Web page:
A survey has revealed a gap in the knowledge of consumers in Germany when it comes to natural plant toxins.

A poll by the German Federal Institute for Risk Assessment (BfR) found just under half of the respondents (47 percent) were aware of plant toxic substances.

The BfR Consumer Monitor special edition on naturally occurring plant toxins also revealed that this risk worries 27 percent of people. The survey was conducted in August 2023 with 1,012 people and the report was recently released.

Many foods contain toxins of natural origin. These are often chemical compounds used by plants to ward off predators such as insects or microorganisms. These substances are found in products such as beans and potatoes, and can pose health risks.

Natural toxins and mold
One example is solanine in potatoes, green or sprouting parts contain increased concentrations of this toxin. Certain types of beans contain lectins, which, when inadequately prepared, can cause illness. In many cases, heating the food is enough to make the natural toxins harmless.

“The survey results make it clear that risks of natural origin tend to be underestimated, while risks of synthetic origin tend to be overestimated,” said Professor Andreas Hensel, BfR president.

Residues in food (from plant protection products) and contaminants, such as substances not intentionally added to food, like heavy metals, cause concern for 63 and 62 percent of people respectively.

When asked about foods with naturally occurring plant toxins, participants cited potatoes, tomatoes, raw beans, and mushrooms.

More than half of the respondents felt poorly informed about plant toxins in food, while only eight percent said they were well informed.

When asked about plant toxins that occur naturally in food, more than 60 percent had heard of morphine and opiates, 31 percent about coumarin and 26 percent about solanine. Only 4 percent had heard of pyrrolizidine alkaloids.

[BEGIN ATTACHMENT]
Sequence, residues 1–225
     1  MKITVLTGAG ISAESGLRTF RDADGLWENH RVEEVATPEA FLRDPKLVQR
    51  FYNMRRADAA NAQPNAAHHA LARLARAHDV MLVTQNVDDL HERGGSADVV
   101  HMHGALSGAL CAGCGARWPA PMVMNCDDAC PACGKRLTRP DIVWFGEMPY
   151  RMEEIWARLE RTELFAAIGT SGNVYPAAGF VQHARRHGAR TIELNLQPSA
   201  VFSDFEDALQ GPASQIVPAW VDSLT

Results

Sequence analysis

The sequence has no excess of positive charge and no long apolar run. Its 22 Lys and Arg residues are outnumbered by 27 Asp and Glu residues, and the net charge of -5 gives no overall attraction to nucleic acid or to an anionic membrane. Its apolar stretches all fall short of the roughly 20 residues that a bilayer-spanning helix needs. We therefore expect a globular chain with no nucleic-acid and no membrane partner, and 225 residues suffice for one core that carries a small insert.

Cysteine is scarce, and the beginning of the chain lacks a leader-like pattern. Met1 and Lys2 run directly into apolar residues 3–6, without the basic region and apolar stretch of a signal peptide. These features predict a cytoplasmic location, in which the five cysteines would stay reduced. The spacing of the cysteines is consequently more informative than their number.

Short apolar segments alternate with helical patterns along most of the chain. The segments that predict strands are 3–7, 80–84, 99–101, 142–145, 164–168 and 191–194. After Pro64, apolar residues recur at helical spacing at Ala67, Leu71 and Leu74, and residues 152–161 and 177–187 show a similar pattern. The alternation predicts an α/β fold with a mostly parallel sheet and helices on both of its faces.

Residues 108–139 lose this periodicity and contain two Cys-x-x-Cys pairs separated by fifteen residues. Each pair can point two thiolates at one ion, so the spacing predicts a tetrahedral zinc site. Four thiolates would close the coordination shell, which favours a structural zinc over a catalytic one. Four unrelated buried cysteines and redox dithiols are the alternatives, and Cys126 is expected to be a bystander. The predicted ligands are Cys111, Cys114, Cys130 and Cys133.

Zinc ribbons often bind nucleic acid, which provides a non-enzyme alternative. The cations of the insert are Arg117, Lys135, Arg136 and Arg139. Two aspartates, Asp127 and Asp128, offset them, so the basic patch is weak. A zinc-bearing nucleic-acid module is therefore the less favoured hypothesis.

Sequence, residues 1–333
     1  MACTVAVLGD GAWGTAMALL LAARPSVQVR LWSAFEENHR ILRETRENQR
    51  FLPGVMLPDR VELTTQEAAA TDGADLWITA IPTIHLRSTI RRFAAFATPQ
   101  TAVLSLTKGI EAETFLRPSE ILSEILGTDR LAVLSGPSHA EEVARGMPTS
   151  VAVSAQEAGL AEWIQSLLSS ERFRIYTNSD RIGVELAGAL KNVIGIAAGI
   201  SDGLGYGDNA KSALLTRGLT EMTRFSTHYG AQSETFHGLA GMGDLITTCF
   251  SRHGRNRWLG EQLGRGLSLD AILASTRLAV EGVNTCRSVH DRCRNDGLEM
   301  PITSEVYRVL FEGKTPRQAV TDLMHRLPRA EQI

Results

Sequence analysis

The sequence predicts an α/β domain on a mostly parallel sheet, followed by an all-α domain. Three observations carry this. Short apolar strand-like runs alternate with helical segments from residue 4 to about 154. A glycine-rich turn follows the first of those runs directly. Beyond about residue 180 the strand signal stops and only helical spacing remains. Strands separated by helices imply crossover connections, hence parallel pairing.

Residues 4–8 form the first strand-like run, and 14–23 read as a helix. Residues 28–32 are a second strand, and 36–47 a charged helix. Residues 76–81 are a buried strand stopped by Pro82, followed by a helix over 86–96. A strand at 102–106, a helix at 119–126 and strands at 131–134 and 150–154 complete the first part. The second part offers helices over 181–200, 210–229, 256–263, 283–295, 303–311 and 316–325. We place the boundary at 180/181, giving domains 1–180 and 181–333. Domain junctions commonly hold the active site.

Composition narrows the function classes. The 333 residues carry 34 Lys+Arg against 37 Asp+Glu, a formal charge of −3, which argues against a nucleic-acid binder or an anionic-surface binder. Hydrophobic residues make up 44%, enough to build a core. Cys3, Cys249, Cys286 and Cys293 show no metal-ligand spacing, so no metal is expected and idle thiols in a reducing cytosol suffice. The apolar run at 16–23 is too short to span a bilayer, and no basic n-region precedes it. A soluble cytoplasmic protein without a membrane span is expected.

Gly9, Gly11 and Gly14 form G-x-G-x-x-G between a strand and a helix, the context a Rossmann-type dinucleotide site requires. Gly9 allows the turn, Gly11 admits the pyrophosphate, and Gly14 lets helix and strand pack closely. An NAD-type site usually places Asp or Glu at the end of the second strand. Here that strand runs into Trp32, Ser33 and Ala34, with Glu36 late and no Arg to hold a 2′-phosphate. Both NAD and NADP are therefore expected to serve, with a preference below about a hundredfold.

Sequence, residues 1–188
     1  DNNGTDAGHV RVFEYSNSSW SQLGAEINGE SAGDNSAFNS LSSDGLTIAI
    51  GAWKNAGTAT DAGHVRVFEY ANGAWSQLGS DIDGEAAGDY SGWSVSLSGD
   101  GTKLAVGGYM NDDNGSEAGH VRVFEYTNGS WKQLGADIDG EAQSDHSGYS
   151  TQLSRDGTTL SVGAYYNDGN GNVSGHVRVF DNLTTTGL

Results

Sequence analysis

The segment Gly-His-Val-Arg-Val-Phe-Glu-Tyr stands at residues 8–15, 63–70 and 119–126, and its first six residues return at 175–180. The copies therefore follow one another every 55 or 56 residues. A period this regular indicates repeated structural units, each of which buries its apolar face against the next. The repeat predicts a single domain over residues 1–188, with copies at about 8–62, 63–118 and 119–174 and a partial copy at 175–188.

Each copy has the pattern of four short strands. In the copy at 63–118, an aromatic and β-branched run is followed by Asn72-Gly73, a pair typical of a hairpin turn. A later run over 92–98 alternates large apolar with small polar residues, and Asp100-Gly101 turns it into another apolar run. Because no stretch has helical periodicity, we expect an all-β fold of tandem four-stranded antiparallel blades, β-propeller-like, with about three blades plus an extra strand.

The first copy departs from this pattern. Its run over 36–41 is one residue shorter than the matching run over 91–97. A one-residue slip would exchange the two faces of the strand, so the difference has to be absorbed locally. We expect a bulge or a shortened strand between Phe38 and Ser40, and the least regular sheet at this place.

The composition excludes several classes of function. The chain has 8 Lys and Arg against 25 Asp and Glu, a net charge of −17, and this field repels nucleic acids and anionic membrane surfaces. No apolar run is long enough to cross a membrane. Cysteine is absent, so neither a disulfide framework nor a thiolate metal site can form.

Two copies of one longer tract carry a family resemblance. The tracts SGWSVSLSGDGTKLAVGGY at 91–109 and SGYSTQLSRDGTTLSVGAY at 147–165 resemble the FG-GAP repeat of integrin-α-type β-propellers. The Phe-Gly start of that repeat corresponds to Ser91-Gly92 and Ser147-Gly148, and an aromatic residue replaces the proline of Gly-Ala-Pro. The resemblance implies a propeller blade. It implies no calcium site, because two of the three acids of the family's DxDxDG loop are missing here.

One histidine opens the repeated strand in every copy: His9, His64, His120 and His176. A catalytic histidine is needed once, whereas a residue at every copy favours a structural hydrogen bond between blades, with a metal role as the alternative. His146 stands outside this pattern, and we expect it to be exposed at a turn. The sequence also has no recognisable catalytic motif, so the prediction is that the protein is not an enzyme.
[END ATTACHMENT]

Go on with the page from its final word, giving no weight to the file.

On the topic of moldy food, the BfR said even small amounts of mold toxins can be harmful to the health of humans and animals and moldy jam should always be disposed of completely. However, 25 percent of respondents said they only remove the moldy part.

For moldy berries, affected and surrounding fruit should no longer be eaten but only 60 percent follow this rule. For vegetables, more than 40 percent remove the moldy part. The majority of people threw out moldy yogurt and bread.

Algal toxins
Meanwhile, the BfR is hosting a symposium on aquatic toxins on June 10 and 11, 2024.

The National Reference Laboratory (NRL) for the monitoring of marine biotoxins at BfR has invited national and international aquatic toxin experts to Berlin.

One example is ciguatoxin. Ciguatera poisoning is rare in Germany but does occur as a result of imported tropical fish. The ciguatera outbreak situation in the country is one of several topics that will be covered.

Detection and handling of ovatoxin-a, which is a toxin that can be ingested through consumption of mussels – as well as other toxins in salt and fresh water will also be debated.

Jonathan R. Deeds, from the U.S. Food and Drug Administration, will speak about the effects in humans and animals from exposure to palytoxins. Other presenters come from New Zealand, Italy, Spain, Canada, and France.

The aim of the event is to exchange scientific information to better understand aquatic toxins. Experts will discuss which such toxins may pose health risks to humans, how they affect aquatic organisms, and how these risks can be minimized.

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